Hopefully you had a chance to see Steve Lopez at either the Main Library of Joseph Beth earlier this week. If you didn't, you might want to check out a couple of interviews that were recorded when he was in town to support On the Same Page. There's one on CETconnect and one on FOX19.

Friday, February 6, 2009

Steve Lopez Visit

We're absolutely thrilled about the fact that Steve Lopez is going to be visiting Cincinnati next week to support On the Same Page. Even if you haven't had a chance to read yet The Soloist yet, we hope you'll be able to make one of his booktalks! Here's where he's going to be:

Sunday, February 8
2:00 - 4:00 p.m.
Main Library
Book talk and signing, musical performances by the College Conservatory of Music, and an information fair with community organizations serving people who have mental illnesses or are homeless. Bring your musical instruments to donate to CCM's LINKS (Lonely Instruments for Needy Kids) program. Panera Bread will provide the refreshments.

Sunday, February 8
6:00 p.m.
Joseph Beth Booksellers
Book signing

Monday, February 9
7:00 p.m.
265 Tangeman University Center, University of Cincinnati
Book talk and signing.

Sunday, February 1, 2009

About The Soloist

Did you enjoy January's Book of the Month selection? I did--I'm a big fan of Bill Bryson to begin with but I thought the Life and Times of the Thunderbolt Kid was particularly charming.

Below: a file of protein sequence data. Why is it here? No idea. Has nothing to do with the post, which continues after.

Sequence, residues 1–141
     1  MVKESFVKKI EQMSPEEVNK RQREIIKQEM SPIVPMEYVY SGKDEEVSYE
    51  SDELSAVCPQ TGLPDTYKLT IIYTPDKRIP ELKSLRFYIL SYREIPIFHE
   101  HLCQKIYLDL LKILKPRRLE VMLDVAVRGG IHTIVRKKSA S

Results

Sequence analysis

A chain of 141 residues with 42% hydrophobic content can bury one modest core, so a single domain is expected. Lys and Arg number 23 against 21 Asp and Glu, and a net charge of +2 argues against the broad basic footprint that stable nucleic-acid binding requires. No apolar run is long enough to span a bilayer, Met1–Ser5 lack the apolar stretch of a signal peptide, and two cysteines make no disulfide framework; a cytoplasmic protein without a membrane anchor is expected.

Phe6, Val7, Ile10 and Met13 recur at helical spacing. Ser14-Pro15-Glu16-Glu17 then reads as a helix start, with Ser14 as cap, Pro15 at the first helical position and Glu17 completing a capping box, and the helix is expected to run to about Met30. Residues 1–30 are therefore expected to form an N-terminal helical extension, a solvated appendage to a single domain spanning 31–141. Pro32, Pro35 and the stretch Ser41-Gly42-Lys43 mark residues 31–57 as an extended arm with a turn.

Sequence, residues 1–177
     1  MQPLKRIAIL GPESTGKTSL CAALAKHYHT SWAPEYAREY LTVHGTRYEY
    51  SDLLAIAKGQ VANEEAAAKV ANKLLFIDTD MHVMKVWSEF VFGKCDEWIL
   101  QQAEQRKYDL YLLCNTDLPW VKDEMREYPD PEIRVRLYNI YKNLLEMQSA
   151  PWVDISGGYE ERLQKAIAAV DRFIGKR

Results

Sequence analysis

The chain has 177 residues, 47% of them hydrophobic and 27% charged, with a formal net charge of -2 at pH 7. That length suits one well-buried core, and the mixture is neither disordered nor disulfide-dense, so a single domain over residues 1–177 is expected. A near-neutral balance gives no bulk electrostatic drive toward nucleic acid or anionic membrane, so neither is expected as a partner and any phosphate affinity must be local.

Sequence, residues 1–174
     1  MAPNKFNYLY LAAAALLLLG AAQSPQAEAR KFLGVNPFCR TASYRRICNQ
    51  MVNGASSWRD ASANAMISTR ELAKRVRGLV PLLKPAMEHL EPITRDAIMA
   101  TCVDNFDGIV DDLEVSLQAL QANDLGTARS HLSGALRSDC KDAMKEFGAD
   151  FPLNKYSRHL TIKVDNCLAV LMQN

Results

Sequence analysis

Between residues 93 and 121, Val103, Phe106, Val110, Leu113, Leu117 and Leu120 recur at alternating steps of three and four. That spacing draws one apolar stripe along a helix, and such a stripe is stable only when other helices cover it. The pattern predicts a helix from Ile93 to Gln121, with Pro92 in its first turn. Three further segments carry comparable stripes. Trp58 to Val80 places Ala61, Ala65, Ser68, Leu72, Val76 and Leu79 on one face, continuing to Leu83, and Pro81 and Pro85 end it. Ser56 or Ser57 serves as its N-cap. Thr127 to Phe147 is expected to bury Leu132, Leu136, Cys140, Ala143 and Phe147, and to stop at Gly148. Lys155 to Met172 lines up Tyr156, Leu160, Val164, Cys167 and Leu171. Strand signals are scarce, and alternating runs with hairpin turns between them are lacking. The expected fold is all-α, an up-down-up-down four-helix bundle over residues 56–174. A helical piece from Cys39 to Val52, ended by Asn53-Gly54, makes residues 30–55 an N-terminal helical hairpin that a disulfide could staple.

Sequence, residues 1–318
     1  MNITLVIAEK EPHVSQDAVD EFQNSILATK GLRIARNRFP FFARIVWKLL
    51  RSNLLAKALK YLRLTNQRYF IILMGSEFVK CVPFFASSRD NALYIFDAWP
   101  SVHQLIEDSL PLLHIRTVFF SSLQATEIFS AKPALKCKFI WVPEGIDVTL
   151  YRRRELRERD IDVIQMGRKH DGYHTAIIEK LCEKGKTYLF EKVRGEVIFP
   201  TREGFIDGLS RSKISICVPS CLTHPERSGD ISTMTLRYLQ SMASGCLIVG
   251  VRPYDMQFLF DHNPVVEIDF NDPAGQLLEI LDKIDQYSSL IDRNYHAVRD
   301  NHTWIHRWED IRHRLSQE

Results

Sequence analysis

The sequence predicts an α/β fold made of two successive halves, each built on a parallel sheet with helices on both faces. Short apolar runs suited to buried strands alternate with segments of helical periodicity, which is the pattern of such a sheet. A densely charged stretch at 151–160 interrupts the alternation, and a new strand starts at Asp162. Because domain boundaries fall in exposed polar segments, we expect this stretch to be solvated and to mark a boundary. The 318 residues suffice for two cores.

Our February Book of the Month selection is equally compelling but in an entirely different way. It's The Soloist: A Lost Dream, an Unlikely Friendship, and the Redemptive Power of Music, by Steve Lopez. This nonfiction title is based on LA Times columnist Lopez’s newspaper articles about musician Nathaniel Anthony Ayers, whom he met on LA’s Skid Row. Ayers studied at Juilliard before developing schizophrenia and spending decades on the streets. It's an inspiring story of music and friendship, as well as a compelling examination of homelessness, mental illness, public policy, and race in America. A movie based on the book starring Robert Downey Jr. and Jaime Foxx is expected to debut this spring.

The Soloist is also the featured title for On the Same Page, our annual community reading event. On the Same Page has been going strong for eight years--it's one of the longest-running programs of its kind in the country! In conjunction with the program, book discussions and special events will be taking place all over the city throughout February and March. I'll highlight a selection of them in upcoming posts but be sure to check the On the Same Page website for the complete list.

Happy reading!

About Steve Lopez

Steve Lopez is a columnist for the Los Angeles Times, where he first wrote the series of enormously popular articles about Nathaniel Anthony Ayers on which The Soloist is based. He has also written for Time, Life, Sports Illustrated, Entertainment Weekly, the Philadelphia Inquirer, the San Jose Mercury News, and the Oakland Tribune.

His work has won the H. L. Mencken Writing Award, the Ernie Pyle Human Interest Award, the National Headliner Award for Column Writing the Sigma Delta Chi Magazine Reporting Award, the Society of Professional Journalists Award, and the Quill Journalism Award. Third and Indiana was a selection of the New York Public Library Books for the Teen Age and a finalist for the Dashiell Hammett Award.

Lopez is the author of three novels, Third and Indiana, The Sunday Macaroni Club, and In the Clear , and a journalism collection, Land of Giants: Where No Good Deed Goes Unpunished.

If you'd like to learn more about Steve Lopez, check out his website. And take a few minutes to listen to the interview with him that aired on National Public Radio on April 22, 2008. In it talks about the evolution of his friendship with Nathaniel Ayers.